Water cuts loom for defaulting municipalities - minister

2017-11-27 16:49
Water and Sanitation Minister Nomvula Mokonyane. (Lisa Hnatowicz, Gallo Images, Beeld, file)

Water and Sanitation Minister Nomvula Mokonyane. (Lisa Hnatowicz, Gallo Images, Beeld, file)

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Johannesburg - No mercy will be shown to 30 municipalities owing the Department of Water and Sanitation R10.7bn, Minister of Water and Sanitation Nomvula Mokonyane has warned.

Mokonyane said at least 30 municipalities would experience water cuts if they failed to pay their debts before December 8.

These include Matjhabeng local municipality in the Free State, which owes the Sedibeng Water Board over R1.8bn, and the Vhembe district municipality in Limpopo with a debt of over R600m owed to the Water Trading Entity.

Mokonyane said the department had exhausted all avenues in trying to recoup money from these municipalities, including stakeholder consultation and embarking on legal processes.

To date, the department had issued 59 summonses for non-payment. Of those owing, she said, the OR Tambo district in the Eastern Cape was the only municipality complying with the agreed payment plan.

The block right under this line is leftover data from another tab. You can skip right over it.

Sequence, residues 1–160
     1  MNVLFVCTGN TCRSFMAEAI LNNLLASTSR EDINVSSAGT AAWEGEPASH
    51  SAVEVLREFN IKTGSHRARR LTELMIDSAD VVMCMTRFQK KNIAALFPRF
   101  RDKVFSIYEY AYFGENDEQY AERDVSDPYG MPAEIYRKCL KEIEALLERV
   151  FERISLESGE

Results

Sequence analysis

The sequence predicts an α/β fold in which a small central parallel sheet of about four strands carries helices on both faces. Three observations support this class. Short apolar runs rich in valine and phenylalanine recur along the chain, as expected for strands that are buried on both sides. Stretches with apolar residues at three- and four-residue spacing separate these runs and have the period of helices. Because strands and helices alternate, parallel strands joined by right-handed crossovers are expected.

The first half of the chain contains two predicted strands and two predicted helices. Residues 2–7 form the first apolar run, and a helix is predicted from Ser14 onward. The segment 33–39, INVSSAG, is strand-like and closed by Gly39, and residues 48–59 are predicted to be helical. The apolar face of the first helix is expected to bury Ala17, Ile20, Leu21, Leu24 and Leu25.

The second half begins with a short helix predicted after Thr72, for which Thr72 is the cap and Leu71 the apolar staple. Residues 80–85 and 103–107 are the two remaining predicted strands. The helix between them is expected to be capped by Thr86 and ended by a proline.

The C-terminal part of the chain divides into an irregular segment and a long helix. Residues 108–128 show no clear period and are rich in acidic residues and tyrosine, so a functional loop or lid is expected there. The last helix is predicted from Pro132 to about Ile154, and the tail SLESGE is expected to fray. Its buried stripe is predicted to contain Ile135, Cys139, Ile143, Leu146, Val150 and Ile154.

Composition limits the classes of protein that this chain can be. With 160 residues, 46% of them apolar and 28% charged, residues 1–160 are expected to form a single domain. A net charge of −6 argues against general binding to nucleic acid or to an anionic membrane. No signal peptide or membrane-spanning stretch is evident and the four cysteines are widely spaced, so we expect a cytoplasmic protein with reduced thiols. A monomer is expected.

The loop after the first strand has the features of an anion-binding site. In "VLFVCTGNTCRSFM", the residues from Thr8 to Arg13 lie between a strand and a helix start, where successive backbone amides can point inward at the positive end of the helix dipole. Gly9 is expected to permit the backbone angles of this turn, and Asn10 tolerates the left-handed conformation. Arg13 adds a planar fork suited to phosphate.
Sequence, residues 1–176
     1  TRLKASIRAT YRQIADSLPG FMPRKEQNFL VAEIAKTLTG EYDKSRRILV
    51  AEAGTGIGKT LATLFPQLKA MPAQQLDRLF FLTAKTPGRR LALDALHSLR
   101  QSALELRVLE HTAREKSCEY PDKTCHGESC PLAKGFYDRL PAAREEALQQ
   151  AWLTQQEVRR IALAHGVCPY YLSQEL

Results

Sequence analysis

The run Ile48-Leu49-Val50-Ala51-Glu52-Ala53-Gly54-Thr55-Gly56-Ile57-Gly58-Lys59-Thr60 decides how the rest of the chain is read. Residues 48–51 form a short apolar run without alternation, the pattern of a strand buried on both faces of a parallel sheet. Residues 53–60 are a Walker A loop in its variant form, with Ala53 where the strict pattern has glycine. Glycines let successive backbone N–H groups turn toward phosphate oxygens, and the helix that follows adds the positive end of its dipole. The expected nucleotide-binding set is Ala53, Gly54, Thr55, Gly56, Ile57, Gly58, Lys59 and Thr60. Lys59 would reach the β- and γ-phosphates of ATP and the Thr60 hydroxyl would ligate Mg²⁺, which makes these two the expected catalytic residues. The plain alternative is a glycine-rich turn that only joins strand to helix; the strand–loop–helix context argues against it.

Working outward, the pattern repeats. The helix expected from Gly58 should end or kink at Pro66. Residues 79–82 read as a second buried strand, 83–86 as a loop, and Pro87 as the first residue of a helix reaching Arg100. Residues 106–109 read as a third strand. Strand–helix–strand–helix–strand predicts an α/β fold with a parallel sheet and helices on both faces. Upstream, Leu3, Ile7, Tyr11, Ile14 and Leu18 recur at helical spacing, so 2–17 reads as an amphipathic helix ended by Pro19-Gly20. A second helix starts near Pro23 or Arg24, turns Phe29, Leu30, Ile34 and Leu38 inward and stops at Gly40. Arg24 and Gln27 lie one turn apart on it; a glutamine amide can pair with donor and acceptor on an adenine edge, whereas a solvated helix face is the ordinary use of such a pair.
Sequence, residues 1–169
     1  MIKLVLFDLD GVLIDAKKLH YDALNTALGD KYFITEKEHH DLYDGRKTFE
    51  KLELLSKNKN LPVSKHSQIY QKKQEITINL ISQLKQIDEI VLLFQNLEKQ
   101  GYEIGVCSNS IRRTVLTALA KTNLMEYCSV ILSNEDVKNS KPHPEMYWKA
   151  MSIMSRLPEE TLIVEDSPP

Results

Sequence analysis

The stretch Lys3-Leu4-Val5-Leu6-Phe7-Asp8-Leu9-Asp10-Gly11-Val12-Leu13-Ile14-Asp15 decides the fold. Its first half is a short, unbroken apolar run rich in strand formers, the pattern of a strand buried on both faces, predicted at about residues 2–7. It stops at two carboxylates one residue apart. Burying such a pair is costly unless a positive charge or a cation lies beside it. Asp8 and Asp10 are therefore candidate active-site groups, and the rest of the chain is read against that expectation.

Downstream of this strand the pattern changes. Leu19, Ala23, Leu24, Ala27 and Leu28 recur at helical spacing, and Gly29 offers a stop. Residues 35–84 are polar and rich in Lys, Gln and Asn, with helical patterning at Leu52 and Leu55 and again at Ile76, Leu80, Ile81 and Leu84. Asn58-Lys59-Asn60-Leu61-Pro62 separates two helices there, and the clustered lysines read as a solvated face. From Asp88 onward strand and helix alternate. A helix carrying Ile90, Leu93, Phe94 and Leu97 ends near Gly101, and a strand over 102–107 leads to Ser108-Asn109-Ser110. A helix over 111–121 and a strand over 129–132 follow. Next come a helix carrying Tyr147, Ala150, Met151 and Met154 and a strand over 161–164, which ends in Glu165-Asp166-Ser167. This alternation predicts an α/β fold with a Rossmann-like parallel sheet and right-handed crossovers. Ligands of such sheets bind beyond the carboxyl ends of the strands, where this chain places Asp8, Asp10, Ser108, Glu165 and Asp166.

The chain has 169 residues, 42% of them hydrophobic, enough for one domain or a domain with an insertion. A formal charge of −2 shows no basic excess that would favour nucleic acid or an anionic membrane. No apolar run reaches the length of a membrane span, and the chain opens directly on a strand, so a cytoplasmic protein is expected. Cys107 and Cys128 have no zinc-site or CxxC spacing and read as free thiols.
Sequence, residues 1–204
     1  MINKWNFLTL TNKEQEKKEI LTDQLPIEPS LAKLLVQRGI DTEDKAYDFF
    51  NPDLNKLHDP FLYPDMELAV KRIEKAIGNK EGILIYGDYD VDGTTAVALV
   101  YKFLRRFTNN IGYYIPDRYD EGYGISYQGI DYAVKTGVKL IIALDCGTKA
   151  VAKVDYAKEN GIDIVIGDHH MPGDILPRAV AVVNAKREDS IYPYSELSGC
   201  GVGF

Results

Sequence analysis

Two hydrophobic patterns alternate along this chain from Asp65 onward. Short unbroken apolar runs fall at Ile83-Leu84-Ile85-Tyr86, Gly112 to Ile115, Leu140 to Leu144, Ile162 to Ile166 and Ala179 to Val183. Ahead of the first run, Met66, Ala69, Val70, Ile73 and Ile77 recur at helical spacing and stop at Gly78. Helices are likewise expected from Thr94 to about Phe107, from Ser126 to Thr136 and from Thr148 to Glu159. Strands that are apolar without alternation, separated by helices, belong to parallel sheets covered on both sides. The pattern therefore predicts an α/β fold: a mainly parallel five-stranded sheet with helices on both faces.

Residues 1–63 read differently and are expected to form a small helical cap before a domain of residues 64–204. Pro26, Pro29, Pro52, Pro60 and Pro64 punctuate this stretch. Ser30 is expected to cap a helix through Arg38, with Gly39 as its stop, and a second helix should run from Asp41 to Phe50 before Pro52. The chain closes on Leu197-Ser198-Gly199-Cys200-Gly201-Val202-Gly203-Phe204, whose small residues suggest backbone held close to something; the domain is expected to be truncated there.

"The rest are still failing to settle the debt and, as such, the debt is rising unabated."

She said that R7bn of the total municipal debt - R3.5bn owed to the Water Trading Entity and R3.5bn to the Water Boards - had been outstanding for a period of more than 120 days.

In terms of the municipal financial management act, municipalities were obliged to pay for bulk services within 60 days of receipt of invoices, she said.

Mokonyane warned that the defaulting municipalities, which had an outstanding debt for more than six months, would find their equitable share from Treasury withheld until an agreed payment arrangement was made.

"We are also considering our options with regards to the review to the water services authority... the status that affords municipalities to have responsibilities as water service authorities, which means they have an obligation to provide service to the end user," she said.

This means municipalities which deliver water services to consumers would lose their status with the department handling municipal water services.

"What we are really at pains to do is to avoid hurting the end user, particularly the indigent that cannot afford to pay, but we will not be merciful against those who can't do their core business of billing in an appropriate way, of generating revenue and, most importantly, of maintaining the infrastructure so that we do not have huge water losses."

Read more on:    nomvula mokonyane  |  johannesburg  |  water

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